We have investigated how birds avoid mid-air collisions during head-on encounters. Trajectories of birds flying towards each other in a tunnel were recorded using high speed video cameras. Analysis and modelling of the data suggest two simple strategies for collision avoidance: (a) each bird veers to its right and (b) each bird changes its altitude relative to the other bird according to a preset preference. Both strategies suggest simple rules by which collisions can be avoided in head-on encounters by two agents, be they animals or machines. The findings are potentially applicable to the design of guidance algorithms for automated collision avoidance on aircraft.
Flying animals need to accurately detect, identify and track fast-moving objects and these behavioral requirements are likely to strongly select for abilities to resolve visual detail in time. However, evidence of highly elevated temporal acuity relative to non-flying animals has so far been confined to insects while it has been missing in birds. With behavioral experiments on three wild passerine species, blue tits, collared and pied flycatchers, we demonstrate temporal acuities of vision far exceeding predictions based on the sizes and metabolic rates of these birds. This implies a history of strong natural selection on temporal resolution. These birds can resolve alternating light-dark cycles at up to 145 Hz (average: 129, 127 and 137, respectively), which is ca. 50 Hz over the highest frequency shown in any other vertebrate. We argue that rapid vision should confer a selective advantage in many bird species that are ecologically similar to the three species examined in our study. Thus, rapid vision may be a more typical avian trait than the famously sharp vision found in birds of prey.
The oceans at the start of the Neoproterozoic Era (1,000-541 million years ago, Ma) were dominantly anoxic, but may have become progressively oxygenated, coincident with the rise of animal life. However, the control that oxygen exerted on the development of early animal ecosystems remains unclear, as previous research has focussed on the identification of fully anoxic or oxic conditions, rather than intermediate redox levels. Here we report anomalous cerium enrichments preserved in carbonate rocks across bathymetric basin transects from nine localities of the Nama Group, Namibia (∼550-541 Ma). In combination with Fe-based redox proxies, these data suggest that low-oxygen conditions occurred in a narrow zone between well-oxygenated surface waters and fully anoxic deep waters. Although abundant in well-oxygenated environments, early skeletal animals did not occupy oxygen impoverished regions of the shelf, demonstrating that oxygen availability (probably >10 μM) was a key requirement for the development of early animal-based ecosystems.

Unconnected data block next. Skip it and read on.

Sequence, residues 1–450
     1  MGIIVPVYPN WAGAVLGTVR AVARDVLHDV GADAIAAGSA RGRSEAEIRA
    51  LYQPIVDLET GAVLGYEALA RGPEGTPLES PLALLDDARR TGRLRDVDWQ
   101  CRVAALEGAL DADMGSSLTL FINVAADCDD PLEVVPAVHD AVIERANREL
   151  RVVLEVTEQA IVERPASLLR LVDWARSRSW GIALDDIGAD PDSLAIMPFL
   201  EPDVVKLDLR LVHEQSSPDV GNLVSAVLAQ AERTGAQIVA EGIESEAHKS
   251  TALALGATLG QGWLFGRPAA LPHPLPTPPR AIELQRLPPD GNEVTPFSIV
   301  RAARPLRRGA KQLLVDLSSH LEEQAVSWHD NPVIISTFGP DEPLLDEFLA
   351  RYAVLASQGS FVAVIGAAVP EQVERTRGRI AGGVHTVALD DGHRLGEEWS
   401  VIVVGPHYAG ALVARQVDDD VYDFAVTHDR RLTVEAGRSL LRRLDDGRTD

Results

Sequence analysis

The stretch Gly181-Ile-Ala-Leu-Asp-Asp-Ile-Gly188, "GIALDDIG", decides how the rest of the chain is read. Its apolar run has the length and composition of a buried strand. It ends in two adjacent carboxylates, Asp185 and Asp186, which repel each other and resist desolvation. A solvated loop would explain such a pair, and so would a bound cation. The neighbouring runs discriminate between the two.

Platyzoa is a putative lophotrochozoan (spiralian) subtaxon within the protostome clade of Metazoa, comprising a range of biologically diverse, mostly small worm-shaped animals. The monophyly of Platyzoa, the relationships between the putative subgroups Platyhelminthes, Gastrotricha and Gnathifera (the latter comprising at least Gnathostomulida, “Rotifera” and Acanthocephala) as well as some aspects of the internal phylogenies of these subgroups are highly debated. Here we review how complete mitochondrial (mt) genome data contribute to these debates. We highlight special features of the mt genomes and discuss problems in mtDNA phylogenies of the clade. Mitochondrial genome data seem to be insufficient to resolve the position of the platyzoan clade within the Spiralia but can be helpful in addressing internal phylogenetic questions. The present review includes a tabular survey of all published platyzoan mt genomes.